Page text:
Contemporary painter Kim Young-Ik’s latest solo exhibition continues the artist’s ongoing investigation into abstraction and the legacy of Modernism, especially as it relates to the Dansaekha and Minjung Korean art movements. His latest Polka Dot series approaches a formally rigorous approach to aesthetic and rhythmic concerns through a variety of paintings created over the past year. With a career spanning over 40 years, this show serves as a reaffirmation of Young-Ik’s influence and importance in his home country of South Korea, and beyond.
His current eponymous solo show is on view at Kukje Gallery in Seoul through December 30, 2016.
When did you know you wanted to be an artist?
It was a December night in 1967. I was in my second year as a Forestry major at the College of Agriculture in Seoul National University, when I suddenly became arrested by an ambition to become an artist. I quit school the next day and prepared for the arts school admission process. I entered the College of Fine Arts at Hongik University the following year, in 1968. This is how I began the new chapter of my life as an artist.
Describe your creative process.
My debut project, the Plane Object series, which I presented during my fourth year of college, was something I planned out entirely in my mind before putting it into practice. The mental image for this project was developed through internalizing information on the contemporary art of the time. My works following the Plane Object series are either small deviations or a radical severance from the overarching ideas and media from my prior bodies of work. Examples of a “radical severance” would be bundling my Plane Object works in a box or wrapping them, or my transition to public art.
On the other hand, my cardboard, medium-density fiberboard (MDF) works and “polka dot” paintings are examples of “small deviations.” My most recent body of work display acrylic polka dots arranged neatly to fit a grid on a canvas processed with a variety of materials.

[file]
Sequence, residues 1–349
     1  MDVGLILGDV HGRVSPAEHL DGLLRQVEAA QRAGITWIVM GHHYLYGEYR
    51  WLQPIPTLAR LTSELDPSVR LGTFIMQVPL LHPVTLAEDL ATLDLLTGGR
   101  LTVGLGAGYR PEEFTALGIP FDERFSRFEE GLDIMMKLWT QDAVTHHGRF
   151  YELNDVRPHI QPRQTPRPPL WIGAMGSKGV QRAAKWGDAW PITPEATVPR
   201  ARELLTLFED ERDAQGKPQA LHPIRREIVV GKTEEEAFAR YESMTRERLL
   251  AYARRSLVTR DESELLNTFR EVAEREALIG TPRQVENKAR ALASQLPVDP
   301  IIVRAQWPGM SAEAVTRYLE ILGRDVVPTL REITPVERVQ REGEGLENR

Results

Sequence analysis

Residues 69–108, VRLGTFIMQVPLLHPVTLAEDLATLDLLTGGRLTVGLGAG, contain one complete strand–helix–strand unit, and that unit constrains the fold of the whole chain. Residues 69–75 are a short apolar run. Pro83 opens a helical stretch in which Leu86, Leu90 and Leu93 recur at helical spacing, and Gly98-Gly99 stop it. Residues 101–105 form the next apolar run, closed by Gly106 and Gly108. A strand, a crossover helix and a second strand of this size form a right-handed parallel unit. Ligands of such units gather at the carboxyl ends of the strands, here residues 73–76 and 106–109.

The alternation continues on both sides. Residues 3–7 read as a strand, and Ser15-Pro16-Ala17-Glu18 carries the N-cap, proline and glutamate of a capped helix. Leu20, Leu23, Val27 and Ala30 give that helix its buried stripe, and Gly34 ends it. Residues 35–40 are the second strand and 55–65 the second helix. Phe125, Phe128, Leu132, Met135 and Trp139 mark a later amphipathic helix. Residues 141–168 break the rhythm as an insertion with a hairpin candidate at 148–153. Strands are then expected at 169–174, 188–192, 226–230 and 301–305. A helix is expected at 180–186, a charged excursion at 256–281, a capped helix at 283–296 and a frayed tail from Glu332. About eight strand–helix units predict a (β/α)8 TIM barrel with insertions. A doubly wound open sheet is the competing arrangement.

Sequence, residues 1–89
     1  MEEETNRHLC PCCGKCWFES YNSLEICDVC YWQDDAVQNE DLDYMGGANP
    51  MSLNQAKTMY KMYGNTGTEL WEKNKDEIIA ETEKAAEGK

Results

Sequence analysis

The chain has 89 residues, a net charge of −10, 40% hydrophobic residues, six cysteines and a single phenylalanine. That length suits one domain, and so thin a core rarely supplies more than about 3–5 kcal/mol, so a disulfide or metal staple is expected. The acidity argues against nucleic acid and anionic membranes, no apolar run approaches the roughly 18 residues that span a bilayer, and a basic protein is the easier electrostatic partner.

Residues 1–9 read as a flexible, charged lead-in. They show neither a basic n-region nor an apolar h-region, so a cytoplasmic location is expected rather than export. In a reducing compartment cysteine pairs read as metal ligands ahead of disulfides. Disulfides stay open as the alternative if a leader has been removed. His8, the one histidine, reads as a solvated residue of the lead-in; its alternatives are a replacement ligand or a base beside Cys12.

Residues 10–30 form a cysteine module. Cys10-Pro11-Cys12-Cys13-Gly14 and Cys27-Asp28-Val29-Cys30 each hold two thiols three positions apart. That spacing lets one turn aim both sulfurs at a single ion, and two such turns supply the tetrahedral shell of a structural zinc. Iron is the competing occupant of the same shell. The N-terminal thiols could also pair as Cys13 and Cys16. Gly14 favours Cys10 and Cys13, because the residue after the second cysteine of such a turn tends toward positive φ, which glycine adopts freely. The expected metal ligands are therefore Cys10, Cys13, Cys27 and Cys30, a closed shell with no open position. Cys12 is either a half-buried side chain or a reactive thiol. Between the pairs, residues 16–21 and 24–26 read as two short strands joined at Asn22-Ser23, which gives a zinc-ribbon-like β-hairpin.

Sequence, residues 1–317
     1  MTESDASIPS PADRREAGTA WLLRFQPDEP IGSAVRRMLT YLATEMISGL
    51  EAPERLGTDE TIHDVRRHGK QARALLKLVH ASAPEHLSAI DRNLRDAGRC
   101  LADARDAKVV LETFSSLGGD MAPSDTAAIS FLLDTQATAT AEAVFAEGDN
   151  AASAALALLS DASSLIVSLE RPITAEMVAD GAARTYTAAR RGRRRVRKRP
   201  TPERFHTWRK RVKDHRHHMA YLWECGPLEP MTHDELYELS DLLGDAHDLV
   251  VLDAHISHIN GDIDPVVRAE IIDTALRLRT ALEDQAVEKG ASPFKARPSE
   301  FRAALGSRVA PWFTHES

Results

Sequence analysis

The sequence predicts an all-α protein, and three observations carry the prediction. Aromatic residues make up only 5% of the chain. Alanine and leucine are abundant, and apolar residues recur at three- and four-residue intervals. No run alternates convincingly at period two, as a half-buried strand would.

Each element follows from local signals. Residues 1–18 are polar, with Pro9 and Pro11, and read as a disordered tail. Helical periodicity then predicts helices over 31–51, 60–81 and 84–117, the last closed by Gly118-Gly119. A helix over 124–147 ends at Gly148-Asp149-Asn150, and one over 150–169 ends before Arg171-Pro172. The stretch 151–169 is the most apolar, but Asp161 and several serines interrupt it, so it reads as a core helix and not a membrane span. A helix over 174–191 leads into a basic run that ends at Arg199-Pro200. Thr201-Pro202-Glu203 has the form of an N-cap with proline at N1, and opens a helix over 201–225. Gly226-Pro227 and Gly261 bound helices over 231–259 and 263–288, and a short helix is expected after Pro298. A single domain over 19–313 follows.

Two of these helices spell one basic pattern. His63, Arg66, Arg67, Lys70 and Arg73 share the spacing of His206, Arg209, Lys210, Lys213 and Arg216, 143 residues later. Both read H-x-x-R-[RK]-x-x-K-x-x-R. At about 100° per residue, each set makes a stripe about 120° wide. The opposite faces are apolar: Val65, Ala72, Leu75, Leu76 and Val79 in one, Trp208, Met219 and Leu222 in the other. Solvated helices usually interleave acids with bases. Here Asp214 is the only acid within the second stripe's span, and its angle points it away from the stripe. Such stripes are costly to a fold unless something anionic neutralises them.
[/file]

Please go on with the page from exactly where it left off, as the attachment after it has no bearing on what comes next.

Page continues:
Your art developed through different directions from Dansaekhwa to Minjung art, then to public art. Can you tell us about your journey getting there?
This is a rather extensive question which compels me to unravel the entire 40 years of my artistic career. I was naturally influenced by Dansaekhwa when I was under the guidance of its masters during my undergraduate and graduate education. However, soon after I discovered the limitations of Dansaekhwa art that lingered in its self-confining circuit, I felt the need to resist these masters and turned my attention to Minjung art.
And from Minjung art, which wrestles with the realities of life and society through art, I think it was only a logical, inevitable next step that I changed my focus to public art, which strives toward a city of art and art for the community. In my experience, my life as an artist of Modernist practice, seeking out art within art and endlessly agonizing over this lack of fulfillment, has consumed my being to the core, and caused significant damage to my physical and mental health. The path in art therapy I sought out ended up becoming public art, meaning art as public interest, or community-based art.
What are you working on at the moment?
My most recent series is titled, Utopia. The title focuses on the union of two contradictory definitions, or the dichotomous nature, of the term. On one hand, utopia conveys “an ideal place” where everything has been fulfilled and provided for. On the other hand, u-topia (a spelling which highlights the Greek root words ou meaning “no” or “not” and topos meaning “place”), signifies “a place which does not really exist anywhere.” I am attempting to create work that highlights this context through a seemingly “bright and airy” canvas which, I hope, creates a “far-off sense of the void.”
Who do you most admire?
A question as candid as this makes me reflect on what it means to “admire” when I was least expecting to. My thoughts are becoming terribly disordered. I therefore declare, “I have no one. No one at all!”
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